New parents in South Carolina frequently ask how long maternity leave lasts and whether the time off from work paid or unpaid?
The precise answer depends on several factors.
For instance, legal job and health insurance protections can last between zero and twelve weeks depending on employer type and size, and hours worked by the individual. The federal FMLA governs this issue.
Meanwhile, the time off is typically uncompensated because SC does not have paid family leave. Palmetto State workers have to anticipate the lost income and take proactive steps before they conceive.
How Long is Paid Maternity Leave in SC?
The length of time paid maternity leave benefits last, and the amount of money you get each week in South Carolina is typically zero on both counts. Although, some forward-thinking mothers fare much better.
Short-term disability for maternity leave in SC lasts for zero, six, eight weeks, or more, depending on many variables. However, most mothers receive nothing, as you will shortly see.
- 0 weeks of short-term disability pay is the most common outcome.
- The state does not have a mandatory program for private workers
- The PEBA plan has a 90-day elimination period
- You must enroll before getting pregnant to file a valid claim
- Women who buy a policy at work before conception have a better outcome
- 6 weeks: recovery from normal vaginal birth
- 8 weeks: recovery for C-section delivery
- 9 – 26 weeks: medical complications of pregnancy before and after birth
Collecting unemployment as a substitute for paid maternity leave means that your benefits last for zero weeks because you do not qualify while you still have a job. Plus, you do not meet other critical qualifiers.
- Physically able to work: you are not qualified while disabled
- Pregnancy disability before your due date
- Recovery from labor and delivery
- Postpartum medical issues
- Available for suitable employment: you are ineligible while caretaking
- Bonding with your newborn
- Nursing a premature infant
However, filing for unemployment becomes viable after mom’s recovery and caretaking duties conclude – if she lost her job due to a “compelling family reason.” 
- Illness or disability of the claimant
- Illness or disability of an immediate family member
Paid Family Leave
New parents get zero weeks of paid family leave benefits as of the publication date of this article. South Carolina Bill H. 3560 was introduced to the Senate and House during early 2021 but has yet to pass.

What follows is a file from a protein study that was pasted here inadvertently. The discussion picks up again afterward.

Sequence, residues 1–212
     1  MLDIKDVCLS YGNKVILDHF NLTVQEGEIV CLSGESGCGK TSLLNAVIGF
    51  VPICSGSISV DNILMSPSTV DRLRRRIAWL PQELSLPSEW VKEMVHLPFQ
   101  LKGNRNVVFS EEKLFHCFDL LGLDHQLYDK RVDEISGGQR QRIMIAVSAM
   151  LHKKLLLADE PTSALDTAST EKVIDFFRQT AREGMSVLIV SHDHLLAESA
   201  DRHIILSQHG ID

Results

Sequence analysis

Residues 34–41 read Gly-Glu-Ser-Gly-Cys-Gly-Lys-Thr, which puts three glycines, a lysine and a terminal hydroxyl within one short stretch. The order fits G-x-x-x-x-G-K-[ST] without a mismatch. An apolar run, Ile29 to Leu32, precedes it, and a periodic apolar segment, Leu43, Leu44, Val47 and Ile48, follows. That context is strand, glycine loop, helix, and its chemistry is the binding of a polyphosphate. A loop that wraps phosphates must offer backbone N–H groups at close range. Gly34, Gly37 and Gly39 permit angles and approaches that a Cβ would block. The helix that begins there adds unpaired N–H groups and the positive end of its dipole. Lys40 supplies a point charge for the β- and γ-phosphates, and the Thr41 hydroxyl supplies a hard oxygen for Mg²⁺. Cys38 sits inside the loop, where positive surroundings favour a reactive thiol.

If signed into law, the bill would provide twelve weeks of paid family leave for state employees due to the birth or adoption of a son or daughter. However, the taxpayers working in the private industry who fund the extra payments would not benefit.
How Long are Maternity Leave Job Protections in SC?
The answer to how long maternity leave job protections last in South Carolina is binary. Your legal rights could be zero or twelve weeks depending on whether you qualify under the federal FMLA, as the state does not have a supplemental law.
The federal Family Medical Leave Act (FMLA) provides twelve weeks of unpaid job and health insurance protections during maternity leave to eligible parents who work for a covered employer.
- Covered employers fit into several buckets
- All public (government) agencies and departments
- All public and private primary and secondary schools
- Companies with 50+ employees working within a 75-mile radius
- Eligible workers must meet two additional qualifiers
- 12 months of tenure with the company or agency
- 1,250 hours worked over the preceding 12 months
For example, school teachers, government workers, and corporate employees typically have twelve weeks under FMLA. Meanwhile, small business personnel and part-time workers are not eligible.
The Pregnancy Accommodations Act (SCPAA) does not directly affect how long maternity leave job protections last in South Carolina. However, it does extend other significant legal rights to more mothers.
- All employers with fifteen or more employees must comply
- Employees do not need to meet hours worked criteria
The SCPAA requires that covered employers make reasonable accommodations for medical needs arising from pregnancy, childbirth, or related medical conditions.